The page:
o 44% opted in to banking type businesses.
  o 32% opted in to 'other retail stores'- apart from department stores.
  o 21% opted in to health and beauty providers.
  o 16% opted in to travel shops.
  o 15% opted in to night-clubs, pubs and bars.
  o 15% opted in to department stores.
  o 14% opted in to cinemas and theatres.
  o 11% opted in to group discount sites.
  o 10% opted in to employment agencies.
  o 10% opted in to other entertainment providers.
  o 9% opted in to restaurants and cafes.
  o 6% opted in to car dealers.

However, advertising on the mobile phone currently has a low conversion rate to purchase. This is thought to be because the design of ads and marketing messages on the mobile phone, and the corresponding exposure and engagement by users is still very much an evolving activity.

Only a small percentage of respondents (17% for SMS and Banner ads and 12% for MMS ads) claimed that engaging with an ad on their mobile led them to the purchase of the advertised product more than 5% of the time. Just over 60% of respondents stated that engaging with an ad on their mobile phones never led to the purchase of the product/service being advertised.

The one real downside in the report was the decreasing satisfaction among users with carriers - 76% this year compared to 90% in 2010.

'The AMPLI report provides the industry with valuable independent information about the profile, usage behaviour and preferences of Australian mobile phone users,' said John Butterworth, CEO for AIMIA. 'For the first time this year we've seen more than half the respondents indicate they have a mobile data allowance as part of their phone plan, which is a significant tipping point. When you take a closer look at the results you can see that people are beginning to understand and unleash the capabilities of their phones.'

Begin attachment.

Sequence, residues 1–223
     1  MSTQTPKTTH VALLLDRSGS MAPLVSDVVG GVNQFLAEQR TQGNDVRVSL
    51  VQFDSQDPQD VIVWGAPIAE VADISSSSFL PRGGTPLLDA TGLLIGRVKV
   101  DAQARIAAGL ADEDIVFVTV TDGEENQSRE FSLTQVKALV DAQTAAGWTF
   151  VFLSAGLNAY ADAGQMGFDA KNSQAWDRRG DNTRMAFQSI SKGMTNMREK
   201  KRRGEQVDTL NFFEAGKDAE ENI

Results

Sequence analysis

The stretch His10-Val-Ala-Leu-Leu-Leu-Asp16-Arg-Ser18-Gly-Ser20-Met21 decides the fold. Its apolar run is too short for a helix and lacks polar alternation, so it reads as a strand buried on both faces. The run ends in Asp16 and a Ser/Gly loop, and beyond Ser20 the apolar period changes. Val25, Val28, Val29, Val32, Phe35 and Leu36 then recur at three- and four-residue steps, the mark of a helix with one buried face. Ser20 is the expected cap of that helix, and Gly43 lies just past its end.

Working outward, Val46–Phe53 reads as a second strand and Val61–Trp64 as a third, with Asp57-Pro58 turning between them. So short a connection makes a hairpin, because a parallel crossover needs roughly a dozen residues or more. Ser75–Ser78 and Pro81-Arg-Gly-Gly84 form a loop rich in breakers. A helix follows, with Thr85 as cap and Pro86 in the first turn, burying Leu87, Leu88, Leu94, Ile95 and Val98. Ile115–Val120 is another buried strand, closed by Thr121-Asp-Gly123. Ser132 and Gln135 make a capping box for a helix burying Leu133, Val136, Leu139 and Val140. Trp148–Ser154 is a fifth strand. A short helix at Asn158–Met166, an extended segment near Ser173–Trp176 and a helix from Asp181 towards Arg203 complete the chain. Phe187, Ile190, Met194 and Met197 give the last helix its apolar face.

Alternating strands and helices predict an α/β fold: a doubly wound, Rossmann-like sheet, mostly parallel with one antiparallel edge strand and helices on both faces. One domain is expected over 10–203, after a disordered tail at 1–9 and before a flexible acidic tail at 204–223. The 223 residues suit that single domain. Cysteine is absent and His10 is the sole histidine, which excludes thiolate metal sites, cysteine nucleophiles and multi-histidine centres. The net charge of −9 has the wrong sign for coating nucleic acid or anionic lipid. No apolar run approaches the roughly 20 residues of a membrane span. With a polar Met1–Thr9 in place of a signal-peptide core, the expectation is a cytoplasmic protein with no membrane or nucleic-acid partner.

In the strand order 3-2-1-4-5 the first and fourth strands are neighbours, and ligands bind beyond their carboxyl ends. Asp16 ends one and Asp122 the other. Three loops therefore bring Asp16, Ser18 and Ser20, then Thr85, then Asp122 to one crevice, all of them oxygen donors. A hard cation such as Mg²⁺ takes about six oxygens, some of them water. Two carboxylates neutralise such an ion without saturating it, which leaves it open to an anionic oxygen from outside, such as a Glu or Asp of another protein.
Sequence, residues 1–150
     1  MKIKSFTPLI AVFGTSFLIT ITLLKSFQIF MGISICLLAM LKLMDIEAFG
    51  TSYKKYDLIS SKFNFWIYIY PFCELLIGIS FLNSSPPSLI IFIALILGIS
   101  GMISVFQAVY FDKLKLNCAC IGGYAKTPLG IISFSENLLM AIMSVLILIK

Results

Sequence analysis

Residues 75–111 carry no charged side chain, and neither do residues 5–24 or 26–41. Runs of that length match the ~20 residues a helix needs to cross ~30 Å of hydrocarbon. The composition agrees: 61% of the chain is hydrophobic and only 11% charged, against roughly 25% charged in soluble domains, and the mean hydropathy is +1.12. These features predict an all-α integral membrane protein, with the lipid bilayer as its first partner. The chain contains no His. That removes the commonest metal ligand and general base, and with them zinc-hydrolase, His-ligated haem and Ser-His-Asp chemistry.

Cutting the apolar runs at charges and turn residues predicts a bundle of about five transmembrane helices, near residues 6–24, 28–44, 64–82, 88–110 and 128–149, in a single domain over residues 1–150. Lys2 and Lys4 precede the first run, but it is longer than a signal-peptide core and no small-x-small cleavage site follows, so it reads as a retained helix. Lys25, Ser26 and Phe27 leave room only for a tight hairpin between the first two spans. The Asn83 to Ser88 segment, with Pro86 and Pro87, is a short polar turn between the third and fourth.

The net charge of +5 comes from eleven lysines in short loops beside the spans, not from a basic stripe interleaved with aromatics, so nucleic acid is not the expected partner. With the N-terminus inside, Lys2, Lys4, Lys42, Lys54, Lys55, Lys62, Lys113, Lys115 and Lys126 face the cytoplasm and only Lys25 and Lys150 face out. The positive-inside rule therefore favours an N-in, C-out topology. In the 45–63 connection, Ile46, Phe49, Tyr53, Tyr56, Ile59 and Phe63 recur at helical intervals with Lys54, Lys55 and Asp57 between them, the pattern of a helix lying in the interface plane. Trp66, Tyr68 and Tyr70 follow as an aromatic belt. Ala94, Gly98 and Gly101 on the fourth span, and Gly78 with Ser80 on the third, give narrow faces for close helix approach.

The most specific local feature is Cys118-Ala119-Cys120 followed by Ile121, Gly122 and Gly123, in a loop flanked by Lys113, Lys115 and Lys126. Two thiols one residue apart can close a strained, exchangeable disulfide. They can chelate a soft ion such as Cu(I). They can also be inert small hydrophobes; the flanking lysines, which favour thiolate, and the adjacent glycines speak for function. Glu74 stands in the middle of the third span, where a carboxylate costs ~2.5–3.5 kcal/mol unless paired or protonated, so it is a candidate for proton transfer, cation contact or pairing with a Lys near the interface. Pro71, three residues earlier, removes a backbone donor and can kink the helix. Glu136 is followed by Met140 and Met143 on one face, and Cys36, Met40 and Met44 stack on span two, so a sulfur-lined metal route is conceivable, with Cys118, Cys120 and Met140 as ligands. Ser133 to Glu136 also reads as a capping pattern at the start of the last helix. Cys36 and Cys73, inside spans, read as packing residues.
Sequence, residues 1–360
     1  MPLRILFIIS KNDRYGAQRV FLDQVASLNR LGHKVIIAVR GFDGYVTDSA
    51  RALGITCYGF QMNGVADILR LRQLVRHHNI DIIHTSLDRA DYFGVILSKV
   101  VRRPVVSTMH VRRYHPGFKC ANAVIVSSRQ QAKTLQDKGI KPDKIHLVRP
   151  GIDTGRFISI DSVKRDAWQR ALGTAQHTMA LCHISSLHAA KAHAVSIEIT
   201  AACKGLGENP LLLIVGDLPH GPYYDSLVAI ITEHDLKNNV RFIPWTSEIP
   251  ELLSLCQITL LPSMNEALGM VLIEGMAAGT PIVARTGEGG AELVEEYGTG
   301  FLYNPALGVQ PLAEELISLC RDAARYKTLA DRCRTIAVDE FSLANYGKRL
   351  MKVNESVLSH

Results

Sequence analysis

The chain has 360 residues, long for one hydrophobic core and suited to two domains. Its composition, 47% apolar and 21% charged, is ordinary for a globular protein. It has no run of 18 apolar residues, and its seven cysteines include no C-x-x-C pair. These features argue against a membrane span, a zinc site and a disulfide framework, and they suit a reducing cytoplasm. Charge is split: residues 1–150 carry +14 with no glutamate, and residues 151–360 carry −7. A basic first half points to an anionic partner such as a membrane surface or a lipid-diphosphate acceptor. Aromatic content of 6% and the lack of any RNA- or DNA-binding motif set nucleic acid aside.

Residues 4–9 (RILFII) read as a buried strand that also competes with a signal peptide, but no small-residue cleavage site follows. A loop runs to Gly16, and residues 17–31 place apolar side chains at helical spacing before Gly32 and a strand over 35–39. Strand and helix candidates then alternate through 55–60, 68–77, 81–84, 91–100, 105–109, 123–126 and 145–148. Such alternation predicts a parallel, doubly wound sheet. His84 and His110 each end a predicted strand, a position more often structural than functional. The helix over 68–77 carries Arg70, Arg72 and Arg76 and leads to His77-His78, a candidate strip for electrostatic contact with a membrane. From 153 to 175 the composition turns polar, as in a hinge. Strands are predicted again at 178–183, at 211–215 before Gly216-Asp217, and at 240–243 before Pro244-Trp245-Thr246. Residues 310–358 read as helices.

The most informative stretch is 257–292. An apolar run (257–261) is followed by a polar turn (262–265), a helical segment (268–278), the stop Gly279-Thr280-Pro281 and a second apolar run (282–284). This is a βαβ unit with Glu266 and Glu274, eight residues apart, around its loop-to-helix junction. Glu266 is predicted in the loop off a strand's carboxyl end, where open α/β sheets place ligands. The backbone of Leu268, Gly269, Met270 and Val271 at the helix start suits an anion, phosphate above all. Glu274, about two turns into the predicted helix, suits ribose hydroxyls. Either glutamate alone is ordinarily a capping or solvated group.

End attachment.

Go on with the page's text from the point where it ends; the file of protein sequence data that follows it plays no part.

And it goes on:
Dr Marisa Maio Mackay, Research Consultant for the Mnet Group and Director of Complete the Picture Consulting said, "This year we've seen an increase in the variety of different services being used, but a stabilisation in the base percentage of people using mobile data services. This builds on last year's results, which indicated many 'beginner users' were trying out mobile services for the first time.  We're now seeing the use of a broader range of mobile services that have now become entrenched in the day-to-day lives of users.'

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Stan Beer

Stan Beer, co-founded iTWire together witn former AAP journalist Peter Dinham in 2005. Today, he assists with Digital Advertising installation and monitoring of advert performance. With 35 plus years of experience working in IT and Australian technology media, Beer has published articles in most of the IT publications that have mattered, including the AFR, The Australian, SMH, The Age, as well as a multitude of trade publications. Any previous news story submissions should be director to and advertising enquires to